Asian carp barrier had power outage

An electric barrier network near Chicago designed to prevent Asian carp and other species from migrating between Lake Michigan and the Mississippi River systems had a 13-minute power outage this week, officials said Friday.
AP Wire
May 7, 2012

The outage began at 12:58 p.m. CDT Wednesday, said Lt. Col. James Schreiner, deputy commander of the Army Corps of Engineers' Chicago district. Two of three barriers were operating at the time and both failed. Backup generators were activated, but a power surge prevented them from immediately delivering electricity to the barriers. Personnel at the site manually reset a circuit breaker to get the generators working.

The barriers emit rapid pulses to scare away fish and jolt those that don't turn back. They are located in the man-made Chicago Sanitary and Ship Canal about 37 miles by water from Lake Michigan. There's no immediate indication that Asian carp or other fish advanced past the barrier during the outage, but experts are still looking into that, Schreiner said.

Officials with the Asian Carp Regional Coordinating Committee, which includes state, federal and local agencies, are investigating what caused the outage and the initial problem with the generators, he said. Also participating are representatives of ComEd — the utility that supplies electricity to the barrier — and the company that manufactured the generators.

"The corps is working extremely hard right now to bring closure to this and make improvements to the system if need be," Schreiner told The Associated Press in a phone interview.

Federal officials consider the barriers a crucial part of their strategy for preventing bighead and silver carp from invading the Great Lakes. The fish escaped from southern sewage lagoons and fish farms decades ago and have infested the Mississippi and its tributary rivers.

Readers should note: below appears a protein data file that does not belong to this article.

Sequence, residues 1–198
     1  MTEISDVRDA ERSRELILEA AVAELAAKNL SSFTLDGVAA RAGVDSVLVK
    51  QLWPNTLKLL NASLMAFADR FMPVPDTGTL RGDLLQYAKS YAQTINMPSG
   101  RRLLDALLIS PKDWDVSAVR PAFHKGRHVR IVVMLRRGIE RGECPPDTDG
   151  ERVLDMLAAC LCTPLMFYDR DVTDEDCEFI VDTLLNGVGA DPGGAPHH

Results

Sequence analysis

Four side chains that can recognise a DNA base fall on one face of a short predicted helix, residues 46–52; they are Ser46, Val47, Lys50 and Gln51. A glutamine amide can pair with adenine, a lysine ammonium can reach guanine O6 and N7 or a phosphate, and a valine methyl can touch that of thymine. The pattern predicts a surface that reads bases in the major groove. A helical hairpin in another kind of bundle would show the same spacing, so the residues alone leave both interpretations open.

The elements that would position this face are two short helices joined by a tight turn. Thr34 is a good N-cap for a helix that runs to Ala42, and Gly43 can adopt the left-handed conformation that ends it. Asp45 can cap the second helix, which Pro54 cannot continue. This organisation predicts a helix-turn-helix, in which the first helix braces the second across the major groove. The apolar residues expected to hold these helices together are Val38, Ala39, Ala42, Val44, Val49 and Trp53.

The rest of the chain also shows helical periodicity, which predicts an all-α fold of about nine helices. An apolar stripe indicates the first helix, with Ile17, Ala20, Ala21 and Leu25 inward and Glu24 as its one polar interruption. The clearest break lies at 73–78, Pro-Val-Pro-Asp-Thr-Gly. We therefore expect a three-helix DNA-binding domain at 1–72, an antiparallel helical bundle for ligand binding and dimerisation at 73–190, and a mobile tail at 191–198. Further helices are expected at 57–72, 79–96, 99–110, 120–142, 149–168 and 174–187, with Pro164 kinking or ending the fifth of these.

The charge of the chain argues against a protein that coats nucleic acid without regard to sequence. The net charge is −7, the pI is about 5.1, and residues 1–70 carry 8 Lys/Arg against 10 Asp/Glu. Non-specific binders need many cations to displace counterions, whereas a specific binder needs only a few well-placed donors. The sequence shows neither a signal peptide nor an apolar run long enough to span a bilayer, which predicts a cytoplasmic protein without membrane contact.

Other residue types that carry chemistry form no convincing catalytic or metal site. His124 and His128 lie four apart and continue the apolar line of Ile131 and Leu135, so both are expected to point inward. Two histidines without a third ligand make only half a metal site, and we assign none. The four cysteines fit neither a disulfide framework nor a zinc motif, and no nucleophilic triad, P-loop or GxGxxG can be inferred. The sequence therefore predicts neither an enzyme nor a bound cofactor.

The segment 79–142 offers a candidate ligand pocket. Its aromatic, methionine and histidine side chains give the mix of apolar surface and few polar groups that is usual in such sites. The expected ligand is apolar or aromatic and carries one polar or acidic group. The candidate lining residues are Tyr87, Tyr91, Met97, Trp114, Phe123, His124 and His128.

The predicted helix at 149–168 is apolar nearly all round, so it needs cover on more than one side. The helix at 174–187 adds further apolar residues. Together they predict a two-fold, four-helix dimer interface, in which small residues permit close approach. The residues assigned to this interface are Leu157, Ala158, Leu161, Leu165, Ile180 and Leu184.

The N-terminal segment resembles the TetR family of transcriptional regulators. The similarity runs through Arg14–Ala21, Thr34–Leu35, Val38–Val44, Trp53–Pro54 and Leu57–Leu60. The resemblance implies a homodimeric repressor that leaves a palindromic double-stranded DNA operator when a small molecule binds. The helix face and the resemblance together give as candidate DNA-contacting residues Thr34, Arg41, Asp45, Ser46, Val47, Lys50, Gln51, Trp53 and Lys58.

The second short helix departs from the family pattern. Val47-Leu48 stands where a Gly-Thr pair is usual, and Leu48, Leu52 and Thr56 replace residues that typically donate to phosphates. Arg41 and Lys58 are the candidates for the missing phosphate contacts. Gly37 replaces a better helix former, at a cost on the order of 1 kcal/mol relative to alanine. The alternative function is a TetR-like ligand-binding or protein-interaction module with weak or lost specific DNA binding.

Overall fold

"These barriers are the only thing standing between the Asian carp and our Great Lakes," said Sen. Debbie Stabenow, a Michigan Democrat. "If carp had been able to get through while the barriers were down, it could have been absolutely devastating to our economy and our way of life."

The corps says only a few adult Asian carp, if any, are near the barrier. The largest known population is about 18 miles farther south, Schreiner said.

Stabenow and Rep. Dave Camp, a Michigan Republican, are co-sponsoring bills that would order the corps to speed up development of a plan to prevent migrations between the Mississippi and Great Lakes watersheds. It's scheduled for release in late 2015. The corps and other agencies have identified 39 species that could slip from one drainage basin to the other and disrupt native ecosystems.

Of special concern are Asian carp, which gobble huge volumes of plankton — tiny plants and animals at the base of aquatic food chains. Scientists say if the large, aggressive species reaches the Great Lakes, they could damage the region's $7 billion fishing industry.

The Chicago shipping canal is part of a waterway network that links the two giant basins. Between 2002 and 2010, the Army corps placed three electric barriers in the canal; two operate continually and the third acts as a backup.

Wednesday's incident was the second in which the network inadvertently lost power, Schreiner said. The other was in 2010 and lasted four minutes. He said that outage was weather-related but didn't have additional details.

"Right now we just don't have enough to data to say" if weather played a role this week, he said.

Officials shut down the system for maintenance in 2009 and dumped poison in the water to prevent Asian carp from getting through.

Camp and Stabenow are among critics who contend the electric barrier network is inadequate. They favor erecting solid obstacles to permanently separate the Great Lakes and Mississippi watersheds, which a study this year said would cost billions.

"While the Corps was fortunately able to respond quickly to the barrier losing power, this glitch illustrates what we already know — electric barriers and chain-link fences will not hold back Asian carp forever," Camp said.

Schreiner said the electric network is "extremely effective."

Biologists have tagged 182 fish south of the barriers to determine whether any are evading the barriers. No tagged fish — which don't include Asian carp — are known to have moved past the field while power was down, Schreiner said.

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